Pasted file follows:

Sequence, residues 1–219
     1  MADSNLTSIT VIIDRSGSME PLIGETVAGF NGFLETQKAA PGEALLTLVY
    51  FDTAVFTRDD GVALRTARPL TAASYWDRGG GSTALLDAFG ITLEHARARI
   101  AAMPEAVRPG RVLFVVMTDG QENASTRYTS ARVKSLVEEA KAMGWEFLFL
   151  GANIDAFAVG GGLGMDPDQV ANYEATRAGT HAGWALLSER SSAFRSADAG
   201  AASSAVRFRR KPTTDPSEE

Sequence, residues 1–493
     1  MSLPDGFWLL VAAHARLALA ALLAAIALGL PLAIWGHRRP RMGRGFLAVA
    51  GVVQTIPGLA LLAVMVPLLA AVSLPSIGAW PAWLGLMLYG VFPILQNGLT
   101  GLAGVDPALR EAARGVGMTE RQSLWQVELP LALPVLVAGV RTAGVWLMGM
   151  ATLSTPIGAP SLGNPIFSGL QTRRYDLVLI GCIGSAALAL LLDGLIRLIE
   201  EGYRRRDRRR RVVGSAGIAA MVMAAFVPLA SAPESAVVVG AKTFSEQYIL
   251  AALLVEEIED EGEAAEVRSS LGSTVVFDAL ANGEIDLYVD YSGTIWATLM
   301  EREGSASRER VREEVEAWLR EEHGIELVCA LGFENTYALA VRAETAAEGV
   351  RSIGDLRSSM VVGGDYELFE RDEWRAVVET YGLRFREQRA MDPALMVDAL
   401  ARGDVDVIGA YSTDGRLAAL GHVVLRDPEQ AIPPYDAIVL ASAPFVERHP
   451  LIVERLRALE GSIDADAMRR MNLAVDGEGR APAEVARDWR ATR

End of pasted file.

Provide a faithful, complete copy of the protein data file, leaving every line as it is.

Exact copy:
Sequence, residues 1–219
     1  MADSNLTSIT VIIDRSGSME PLIGETVAGF NGFLETQKAA PGEALLTLVY
    51  FDTAVFTRDD GVALRTARPL TAASYWDRGG GSTALLDAFG ITLEHARARI
   101  AAMPEAVRPG RVLFVVMTDG QENASTRYTS ARVKSLVEEA KAMGWEFLFL
   151  GANIDAFAVG GGLGMDPDQV ANYEATRAGT HAGWALLSER SSAFRSADAG
   201  AASSAVRFRR KPTTDPSEE

Sequence, residues 1–493
     1  MSLPDGFWLL VAAHARLALA ALLAAIALGL PLAIWGHRRP RMGRGFLAVA
    51  GVVQTIPGLA LLAVMVPLLA AVSLPSIGAW PAWLGLMLYG VFPILQNGLT
   101  GLAGVDPALR EAARGVGMTE RQSLWQVELP LALPVLVAGV RTAGVWLMGM
   151  ATLSTPIGAP SLGNPIFSGL QTRRYDLVLI GCIGSAALAL LLDGLIRLIE
   201  EGYRRRDRRR RVVGSAGIAA MVMAAFVPLA SAPESAVVVG AKTFSEQYIL
   251  AALLVEEIED EGEAAEVRSS LGSTVVFDAL ANGEIDLYVD YSGTIWATLM
   301  EREGSASRER VREEVEAWLR EEHGIELVCA LGFENTYALA VRAETAAEGV
   351  RSIGDLRSSM VVGGDYELFE RDEWRAVVET YGLRFREQRA MDPALMVDAL
   401  ARGDVDVIGA YSTDGRLAAL GHVVLRDPEQ AIPPYDAIVL ASAPFVERHP
   451  LIVERLRALE GSIDADAMRR MNLAVDGEGR APAEVARDWR ATR